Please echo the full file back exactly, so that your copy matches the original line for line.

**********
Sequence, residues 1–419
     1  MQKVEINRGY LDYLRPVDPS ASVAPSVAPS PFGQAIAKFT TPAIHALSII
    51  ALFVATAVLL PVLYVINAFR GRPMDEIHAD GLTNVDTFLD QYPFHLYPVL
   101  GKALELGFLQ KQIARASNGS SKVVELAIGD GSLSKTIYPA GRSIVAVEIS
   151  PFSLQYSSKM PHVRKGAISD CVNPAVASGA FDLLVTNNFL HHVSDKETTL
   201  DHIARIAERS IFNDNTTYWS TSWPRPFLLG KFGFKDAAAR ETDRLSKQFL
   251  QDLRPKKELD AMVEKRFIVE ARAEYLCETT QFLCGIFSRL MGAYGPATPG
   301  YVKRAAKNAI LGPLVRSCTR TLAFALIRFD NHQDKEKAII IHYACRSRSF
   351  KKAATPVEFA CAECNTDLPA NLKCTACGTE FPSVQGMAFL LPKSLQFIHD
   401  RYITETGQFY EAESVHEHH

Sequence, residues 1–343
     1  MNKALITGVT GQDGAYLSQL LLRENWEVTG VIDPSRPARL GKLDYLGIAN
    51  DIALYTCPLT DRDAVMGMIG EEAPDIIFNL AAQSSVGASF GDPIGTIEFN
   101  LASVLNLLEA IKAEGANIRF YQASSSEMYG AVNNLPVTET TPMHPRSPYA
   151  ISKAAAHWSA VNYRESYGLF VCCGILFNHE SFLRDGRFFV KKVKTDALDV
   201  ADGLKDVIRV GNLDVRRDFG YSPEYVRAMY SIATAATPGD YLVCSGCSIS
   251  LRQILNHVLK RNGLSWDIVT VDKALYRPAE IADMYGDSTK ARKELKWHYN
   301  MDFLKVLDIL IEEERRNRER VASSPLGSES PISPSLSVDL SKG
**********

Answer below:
Sequence, residues 1–419
     1  MQKVEINRGY LDYLRPVDPS ASVAPSVAPS PFGQAIAKFT TPAIHALSII
    51  ALFVATAVLL PVLYVINAFR GRPMDEIHAD GLTNVDTFLD QYPFHLYPVL
   101  GKALELGFLQ KQIARASNGS SKVVELAIGD GSLSKTIYPA GRSIVAVEIS
   151  PFSLQYSSKM PHVRKGAISD CVNPAVASGA FDLLVTNNFL HHVSDKETTL
   201  DHIARIAERS IFNDNTTYWS TSWPRPFLLG KFGFKDAAAR ETDRLSKQFL
   251  QDLRPKKELD AMVEKRFIVE ARAEYLCETT QFLCGIFSRL MGAYGPATPG
   301  YVKRAAKNAI LGPLVRSCTR TLAFALIRFD NHQDKEKAII IHYACRSRSF
   351  KKAATPVEFA CAECNTDLPA NLKCTACGTE FPSVQGMAFL LPKSLQFIHD
   401  RYITETGQFY EAESVHEHH

Sequence, residues 1–343
     1  MNKALITGVT GQDGAYLSQL LLRENWEVTG VIDPSRPARL GKLDYLGIAN
    51  DIALYTCPLT DRDAVMGMIG EEAPDIIFNL AAQSSVGASF GDPIGTIEFN
   101  LASVLNLLEA IKAEGANIRF YQASSSEMYG AVNNLPVTET TPMHPRSPYA
   151  ISKAAAHWSA VNYRESYGLF VCCGILFNHE SFLRDGRFFV KKVKTDALDV
   201  ADGLKDVIRV GNLDVRRDFG YSPEYVRAMY SIATAATPGD YLVCSGCSIS
   251  LRQILNHVLK RNGLSWDIVT VDKALYRPAE IADMYGDSTK ARKELKWHYN
   301  MDFLKVLDIL IEEERRNRER VASSPLGSES PISPSLSVDL SKG